When a huge meteorite hit the Earth 65 million years ago, it wiped out the dinosaurs whilst our ancestors survived. Since then our planet has experienced several similar episodes of mass extinction and each time, our ancestors have lived on. We have evolved to withstand the most extreme environments, but what determines our survival?

The science of survival

In his series of five lectures from 2007, geneticist Dr Hugh Montgomery leads an exploration of human endurance, and the very thin line between life and death.

Hugh reveals how the body is equipped to perform exercise, adjust to high altitudes, and endure hot and cold climes. Discover how the human body responds when faced with peril, and why some people take flight, whilst others stay and fight. Plus, find out how our bodies deliver the energy we need to react, and what happens to our vital organs when the adrenaline kicks in.

A question of fate?

Along the way, Hugh speaks to real-life survivors who have fought some of the world’s most extreme conditions. From starvation to dehydration, and severe cold to blazing heat, their extraordinary tales remind us of the fragility of human life and the astonishing endurance of the human body.

Why do some people live and some people die in perilous situations? Does our fate boil down to good old-fashioned luck, or does it lie deeper in our genes? And just how much influence does our environment have over our chances for survival?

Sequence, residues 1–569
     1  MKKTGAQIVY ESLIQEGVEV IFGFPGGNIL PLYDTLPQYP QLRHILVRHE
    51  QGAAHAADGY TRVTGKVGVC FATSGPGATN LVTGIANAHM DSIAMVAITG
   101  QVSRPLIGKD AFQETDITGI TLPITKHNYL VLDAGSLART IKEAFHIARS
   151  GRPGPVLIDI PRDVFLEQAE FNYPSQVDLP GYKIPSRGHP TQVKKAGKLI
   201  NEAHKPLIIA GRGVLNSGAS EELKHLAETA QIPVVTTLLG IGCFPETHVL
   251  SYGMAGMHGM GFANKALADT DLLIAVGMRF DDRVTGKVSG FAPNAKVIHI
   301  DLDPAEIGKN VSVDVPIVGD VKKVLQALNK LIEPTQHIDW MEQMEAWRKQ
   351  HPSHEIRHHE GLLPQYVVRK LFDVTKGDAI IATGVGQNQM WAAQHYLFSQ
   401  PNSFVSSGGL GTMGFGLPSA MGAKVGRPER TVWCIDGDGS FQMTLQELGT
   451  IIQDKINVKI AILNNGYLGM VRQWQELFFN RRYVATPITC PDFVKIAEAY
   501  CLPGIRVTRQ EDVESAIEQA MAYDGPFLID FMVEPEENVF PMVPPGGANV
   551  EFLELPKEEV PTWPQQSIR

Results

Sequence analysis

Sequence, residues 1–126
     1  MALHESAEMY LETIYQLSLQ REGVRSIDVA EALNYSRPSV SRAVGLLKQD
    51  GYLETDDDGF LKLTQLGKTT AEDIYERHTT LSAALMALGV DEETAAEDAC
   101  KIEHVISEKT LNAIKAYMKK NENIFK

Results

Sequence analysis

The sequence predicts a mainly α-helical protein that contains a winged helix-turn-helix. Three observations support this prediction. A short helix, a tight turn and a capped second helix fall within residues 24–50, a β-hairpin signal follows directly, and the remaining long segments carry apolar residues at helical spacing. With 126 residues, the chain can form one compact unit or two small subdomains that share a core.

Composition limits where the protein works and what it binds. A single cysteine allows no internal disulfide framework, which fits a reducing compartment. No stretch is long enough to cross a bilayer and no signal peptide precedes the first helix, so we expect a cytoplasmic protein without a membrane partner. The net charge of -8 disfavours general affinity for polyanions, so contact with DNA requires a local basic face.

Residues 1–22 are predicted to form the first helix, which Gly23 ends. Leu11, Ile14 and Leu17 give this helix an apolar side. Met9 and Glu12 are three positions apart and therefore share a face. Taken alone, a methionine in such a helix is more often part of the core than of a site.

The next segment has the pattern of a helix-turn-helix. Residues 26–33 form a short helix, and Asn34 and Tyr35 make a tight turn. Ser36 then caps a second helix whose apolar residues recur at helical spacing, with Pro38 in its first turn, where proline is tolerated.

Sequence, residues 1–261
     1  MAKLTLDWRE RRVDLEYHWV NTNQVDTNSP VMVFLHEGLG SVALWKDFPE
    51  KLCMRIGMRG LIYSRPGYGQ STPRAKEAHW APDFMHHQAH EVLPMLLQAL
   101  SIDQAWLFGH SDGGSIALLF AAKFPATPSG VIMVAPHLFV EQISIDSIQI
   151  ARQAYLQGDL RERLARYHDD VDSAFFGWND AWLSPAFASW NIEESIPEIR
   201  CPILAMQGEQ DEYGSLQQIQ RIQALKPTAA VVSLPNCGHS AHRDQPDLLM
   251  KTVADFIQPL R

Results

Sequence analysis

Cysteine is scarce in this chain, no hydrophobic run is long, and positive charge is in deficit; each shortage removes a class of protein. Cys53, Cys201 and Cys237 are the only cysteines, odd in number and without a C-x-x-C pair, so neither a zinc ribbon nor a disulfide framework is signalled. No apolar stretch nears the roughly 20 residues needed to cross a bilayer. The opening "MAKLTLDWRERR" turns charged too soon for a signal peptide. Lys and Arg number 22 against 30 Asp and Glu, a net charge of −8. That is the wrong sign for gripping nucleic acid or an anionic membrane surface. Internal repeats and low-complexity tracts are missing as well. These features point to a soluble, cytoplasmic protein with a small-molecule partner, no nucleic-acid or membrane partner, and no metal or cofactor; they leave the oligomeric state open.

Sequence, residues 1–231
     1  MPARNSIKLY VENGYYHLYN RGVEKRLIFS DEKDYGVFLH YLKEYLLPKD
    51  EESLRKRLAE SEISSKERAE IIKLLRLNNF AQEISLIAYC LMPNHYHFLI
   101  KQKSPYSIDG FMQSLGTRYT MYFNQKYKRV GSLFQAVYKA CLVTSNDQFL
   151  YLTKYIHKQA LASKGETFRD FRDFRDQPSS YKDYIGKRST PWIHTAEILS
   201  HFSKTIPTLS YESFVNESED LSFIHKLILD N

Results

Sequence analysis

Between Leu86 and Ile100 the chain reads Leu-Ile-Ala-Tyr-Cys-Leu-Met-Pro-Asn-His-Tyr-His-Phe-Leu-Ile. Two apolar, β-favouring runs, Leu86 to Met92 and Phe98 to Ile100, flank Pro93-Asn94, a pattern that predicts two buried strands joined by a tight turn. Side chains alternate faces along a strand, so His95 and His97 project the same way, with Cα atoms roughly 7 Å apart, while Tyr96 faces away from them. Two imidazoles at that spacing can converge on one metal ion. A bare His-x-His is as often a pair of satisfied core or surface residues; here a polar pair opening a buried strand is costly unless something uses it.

The CHRISTMAS LECTURES® in 2007 were originally broadcast on Channel Five.

Media Gallery

  • Christmas Lectures 2007

    Dr Hugh Montgomery on the set of the Royal Institution Christmas Lectures 2007

    Image: Royal Institution

  • Christmas Lectures 2007

    Dr Hugh Montgomery with a pair of pig's lungs.

    Image: Royal Institution

  • Christmas Lectures 2007

    Hugh Montgomery gets to grips with a snake, which unlike humans, can't keep their body temperature constant.

    Image: Royal Institution

  • Christmas Lectures 2007

    Dr Hugh Montgomery with mountaineer Jamie Andrews, who had his hands and feet amputated following an accident in the French Alps.

    Image: Royal Institution

  • Christmas Lectures 2007

    Dr Hugh Montgomery meets Dr Mike Stroud, who made the first unsupported crossing of the Antarctic with Sir Ranulph Fiennes in 1993.

    Image: Royal Institution

  • Christmas Lectures 2007

    Dr Sundeep Dhillon, who summited Everest in 1998, makes an appearance to talk about his experience.

    Image: Royal Institution

Related link(s)

Related download(s)

CHRISTMAS LECTURES 2007 - Back from the Brink

Human endurance and the science of survival. By Professor Hugh Montgomery

Professor Hugh Montgomery, CHRISTMAS LECTURES 2007

Image: The Royal Institution